Emi Kimura, Assistant Professor and Extension Agronomist
Texas A&M AgriLife Extension Service, Vernon, TX
2019-2020 Cropping Season in Review
Texas Rolling Plains wheat season started with hot and dry conditions in the fall 2019. Soil temperature was not optimum for planting wheat until the first week of October. Dry months continued to the end of December, which reduced winter forage productivity throughout the Texas Rolling Plains. Dryland wheat gradually improved with the spring precipitation during January to March. Late-freezes in mid-April resulted in the freeze injury in many wheat fields across the region. Furthermore, golf-size hail hit spotted areas in the region in early May, which again resulted in the reduced yield potential. Leaf and strip rust pressures were lower than average. There were some reports of loose smut disease of wheat.
Among the three UVT sites (Abilene, Haskell, and Chillicothe), Chillicothe trial were affected by the mid-April freeze and the early-May hailstorm. Low test weight at the Chillicothe site may be caused by the combination among the freeze, drought, and heat stresses. Average grain yields among all varieties and three dryland locations (Abilene, Haskell, and Chillicothe) were 35.2 bu/ac in 2018, and 47.1 bu/ac in 2019, and 44.5 bu/ac in 2020 in the Texas Rolling Plains. Variety trial results for each trial site are available at Texas Rolling Plains Agronomy Website at https://agrilife.org/txrollingplainsagronomy/wheat-3/ and Texas A&M AgriLife Variety testing website at http://varietytesting.tamu.edu/wheat/.
Wheat Picks and Watch Varieties for 2020-2021 Growing Season in the Rolling Plains
The AgriLife Extension wheat Picks variety was selected based on the Texas Rolling Plains Uniform Variety Trial (UVT) at Chillicothe, Haskell, and Abilene, coordinated by the AgriLife Research and Extension personnel. Our ongoing Picks criteria include a minimum of three years of data in Texas A&M AgriLife Rolling Plains wheat variety trials across multiple locations. A “Pick” variety means this: given the data, these are the varieties we would choose to include and emphasize on our farm for wheat grain production. Picks are not necessarily the numerical top yielders as important disease resistance traits (leaf or stripe rust, wheat streak mosaic virus), insect tolerance (greenbugs, Russian wheat aphid), or standability can also be important varietal traits that enable a producer to better manage potential risk. We look for consistency of yields, e.g. the regularity with which an individual variety is in the top 25% of yield over all trials.
Texas Rolling Plains dual-purpose variety trials were conducted at Wilbarger, Foard, and Haskell county. Watch varieties were selected based on the forage and grain yield. Dual-purpose watch varieties are discussed at Texas Rolling Plains Agronomy YouTube channel at https://www.youtube.com/playlist?list=PLQeRtwVwL1DNzYrU8wnpn4AcbqO2du2z2.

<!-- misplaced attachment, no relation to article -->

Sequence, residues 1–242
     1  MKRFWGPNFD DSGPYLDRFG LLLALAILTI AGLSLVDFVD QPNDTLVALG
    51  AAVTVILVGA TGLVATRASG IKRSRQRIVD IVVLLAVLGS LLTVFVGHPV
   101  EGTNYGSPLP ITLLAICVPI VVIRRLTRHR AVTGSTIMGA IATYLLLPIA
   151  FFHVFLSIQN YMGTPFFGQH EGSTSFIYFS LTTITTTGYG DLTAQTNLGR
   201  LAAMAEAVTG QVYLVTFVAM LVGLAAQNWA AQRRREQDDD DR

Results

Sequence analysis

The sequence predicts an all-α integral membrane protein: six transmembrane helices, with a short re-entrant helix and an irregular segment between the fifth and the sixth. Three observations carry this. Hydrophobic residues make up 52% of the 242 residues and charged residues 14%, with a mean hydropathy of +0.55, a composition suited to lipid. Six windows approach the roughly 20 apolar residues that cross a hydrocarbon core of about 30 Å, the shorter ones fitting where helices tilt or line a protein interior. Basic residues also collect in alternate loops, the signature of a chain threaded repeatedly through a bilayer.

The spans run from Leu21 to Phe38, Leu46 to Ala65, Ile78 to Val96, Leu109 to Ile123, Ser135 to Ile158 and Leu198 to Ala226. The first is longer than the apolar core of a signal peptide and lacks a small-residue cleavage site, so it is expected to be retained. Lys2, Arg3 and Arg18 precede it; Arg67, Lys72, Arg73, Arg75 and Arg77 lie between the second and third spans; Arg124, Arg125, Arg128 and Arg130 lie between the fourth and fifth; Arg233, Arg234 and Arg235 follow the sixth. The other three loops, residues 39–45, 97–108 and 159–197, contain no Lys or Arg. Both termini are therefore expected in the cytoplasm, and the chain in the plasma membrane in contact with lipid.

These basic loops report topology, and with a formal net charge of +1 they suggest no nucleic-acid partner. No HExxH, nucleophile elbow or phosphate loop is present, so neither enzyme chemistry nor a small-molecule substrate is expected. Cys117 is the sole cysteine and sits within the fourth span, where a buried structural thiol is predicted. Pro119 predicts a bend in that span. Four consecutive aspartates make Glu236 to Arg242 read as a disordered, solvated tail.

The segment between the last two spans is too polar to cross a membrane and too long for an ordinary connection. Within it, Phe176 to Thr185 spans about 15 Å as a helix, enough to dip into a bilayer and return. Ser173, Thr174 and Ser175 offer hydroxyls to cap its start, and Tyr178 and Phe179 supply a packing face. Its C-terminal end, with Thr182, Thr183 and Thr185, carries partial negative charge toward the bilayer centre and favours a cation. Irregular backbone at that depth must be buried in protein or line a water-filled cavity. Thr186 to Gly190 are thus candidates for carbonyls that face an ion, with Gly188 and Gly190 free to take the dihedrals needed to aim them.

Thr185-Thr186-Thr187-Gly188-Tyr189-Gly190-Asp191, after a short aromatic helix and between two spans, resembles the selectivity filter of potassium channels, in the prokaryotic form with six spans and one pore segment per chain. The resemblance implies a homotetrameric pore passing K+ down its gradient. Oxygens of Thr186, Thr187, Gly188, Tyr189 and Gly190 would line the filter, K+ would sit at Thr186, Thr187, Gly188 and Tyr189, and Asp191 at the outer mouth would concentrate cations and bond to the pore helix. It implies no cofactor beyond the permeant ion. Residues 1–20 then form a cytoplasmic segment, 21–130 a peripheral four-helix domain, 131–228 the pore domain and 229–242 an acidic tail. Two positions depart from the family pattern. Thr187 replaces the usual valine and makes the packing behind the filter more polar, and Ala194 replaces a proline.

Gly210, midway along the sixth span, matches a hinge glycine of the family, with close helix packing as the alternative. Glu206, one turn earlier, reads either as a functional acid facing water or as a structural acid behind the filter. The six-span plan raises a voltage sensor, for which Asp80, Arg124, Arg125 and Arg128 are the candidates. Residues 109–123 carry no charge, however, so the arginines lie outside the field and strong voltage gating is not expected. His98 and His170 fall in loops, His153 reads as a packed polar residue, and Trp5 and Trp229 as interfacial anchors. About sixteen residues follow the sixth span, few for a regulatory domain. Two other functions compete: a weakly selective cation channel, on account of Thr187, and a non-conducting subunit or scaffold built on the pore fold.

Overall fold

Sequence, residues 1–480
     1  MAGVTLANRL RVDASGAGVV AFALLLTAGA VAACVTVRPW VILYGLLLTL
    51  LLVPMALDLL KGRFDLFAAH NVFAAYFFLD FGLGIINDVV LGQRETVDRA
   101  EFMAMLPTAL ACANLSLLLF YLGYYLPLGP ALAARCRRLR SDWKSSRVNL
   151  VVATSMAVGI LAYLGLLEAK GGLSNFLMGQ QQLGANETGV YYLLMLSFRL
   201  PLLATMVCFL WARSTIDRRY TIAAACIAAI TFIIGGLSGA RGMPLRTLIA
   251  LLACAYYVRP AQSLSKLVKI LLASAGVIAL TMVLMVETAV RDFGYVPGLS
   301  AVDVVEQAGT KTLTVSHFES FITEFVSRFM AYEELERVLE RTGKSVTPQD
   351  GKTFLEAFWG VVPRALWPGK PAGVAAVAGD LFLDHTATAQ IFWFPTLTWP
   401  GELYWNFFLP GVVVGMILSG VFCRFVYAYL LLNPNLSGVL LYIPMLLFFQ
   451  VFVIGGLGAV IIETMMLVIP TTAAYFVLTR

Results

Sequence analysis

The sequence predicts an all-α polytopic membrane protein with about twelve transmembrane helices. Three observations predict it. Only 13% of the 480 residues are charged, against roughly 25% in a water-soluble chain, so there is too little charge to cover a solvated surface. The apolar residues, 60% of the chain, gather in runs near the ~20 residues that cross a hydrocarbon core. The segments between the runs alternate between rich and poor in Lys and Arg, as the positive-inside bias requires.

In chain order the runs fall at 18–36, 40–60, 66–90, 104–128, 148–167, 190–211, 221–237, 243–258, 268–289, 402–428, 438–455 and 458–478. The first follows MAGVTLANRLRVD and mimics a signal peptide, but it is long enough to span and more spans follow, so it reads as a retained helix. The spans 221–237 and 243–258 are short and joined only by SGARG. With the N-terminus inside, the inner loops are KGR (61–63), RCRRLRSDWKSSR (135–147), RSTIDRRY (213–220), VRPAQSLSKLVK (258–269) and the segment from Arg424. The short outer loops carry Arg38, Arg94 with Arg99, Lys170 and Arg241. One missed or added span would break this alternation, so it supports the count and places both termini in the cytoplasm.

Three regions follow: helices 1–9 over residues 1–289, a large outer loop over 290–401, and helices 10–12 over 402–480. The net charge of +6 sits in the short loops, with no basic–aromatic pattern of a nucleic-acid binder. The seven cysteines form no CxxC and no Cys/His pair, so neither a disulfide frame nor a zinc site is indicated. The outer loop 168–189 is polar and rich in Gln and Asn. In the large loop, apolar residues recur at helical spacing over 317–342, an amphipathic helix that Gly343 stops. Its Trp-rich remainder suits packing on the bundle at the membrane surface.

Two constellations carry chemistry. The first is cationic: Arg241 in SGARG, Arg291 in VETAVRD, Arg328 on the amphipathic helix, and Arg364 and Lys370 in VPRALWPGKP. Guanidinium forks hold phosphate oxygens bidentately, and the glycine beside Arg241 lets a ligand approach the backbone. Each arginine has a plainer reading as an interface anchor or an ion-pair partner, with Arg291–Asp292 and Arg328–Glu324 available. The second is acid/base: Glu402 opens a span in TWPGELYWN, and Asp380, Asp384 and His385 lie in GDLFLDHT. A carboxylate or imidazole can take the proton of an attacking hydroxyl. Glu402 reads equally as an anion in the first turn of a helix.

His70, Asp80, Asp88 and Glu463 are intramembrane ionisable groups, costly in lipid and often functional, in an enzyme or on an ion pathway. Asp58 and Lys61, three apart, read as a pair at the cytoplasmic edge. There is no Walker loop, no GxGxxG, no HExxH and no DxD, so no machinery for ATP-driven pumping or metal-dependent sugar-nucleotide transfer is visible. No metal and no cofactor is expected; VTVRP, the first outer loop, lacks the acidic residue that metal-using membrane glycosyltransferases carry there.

Changes in the Rolling Plains Grain Picks
Varieties kept from 2019-2020 Picks: TAM 114, SY Grit, and WB 4269. These varieties continued to perform excellent in the Texas Rolling Plains in terms of grain yield and disease resistance.
Varieties added for 2020-2021 Picks: TAM 205 and WB 4515. These varieties have performed well under dryland conditions in the Texas Rolling Plains and met the Picks criteria (top 25%).
Variety removed from 2019-2020 Picks: TAM 304, Gallagher, and LCS Chrome. These three varieties performed relatively well as compared to other non-Picks varieties; however, they did not meet the top 25% criteria over 3-year trial average. WB 4721 was not widely available for purchase during 2019-2020 season for the Texas Rolling Plains growers. SY Drifter was not included in the 2019-2020 variety trial.
Texas Rolling Plains Dual-Purpose Picks
Dual-purpose Picks for 2020-2021 seasons are same as 2019-2020 year. The five varieties (WB 4792, WB 4595, Green Hammer, TAM 114, and Smith’s Gold) performed well over the past two years (2018/2019 and 2019/2020). Rust pressure was not high in two out of three trial locations; therefore, the rust rating found at https://agrilife.org/txrollingplainsagronomy/wheat-3/ was taken from the Wilbarger trial site. Although the forage and grain yields of WB 4792 and WB 4595 were well above average, they were moderately susceptible to strip rust. To maintain the high forage and grain potential, make sure to use necessary fungicide applications.
Relative height for varieties tested in the Texas Rolling Plains
|OK12912C||Bob Dole||TAM 114||Showdown||Green Hammer||TX15M8024||TAM 115||LCS Valiant||WB 4792||SY Grit||WB 4515||Greer||WB 4721||LCS Chrome||WB 4595||Gallagher||TAM 205||OCW04S717T-6W||WB 4303||WB 4418||SY Flint||TX14A001035||TX14V70214||TAM 304||TAMW-101||09BC308-14-16||WB 4269||Weathermaster 135||TX14M7061||SY Rugged||WB 4699|
|Figure 1. Relative height for varieties in 2019-2020 UVT trials.|
|Height data were obtained at the end of season in Munday and Chillicothe UVT trials.|
|Varieties are placed in order of relative height. Actual height can vary widely based on environmental condition and management practices (e.g., fertility).|
|Variety name with underline is an experimental line.|
|Italisized variety names are awnless varieties.|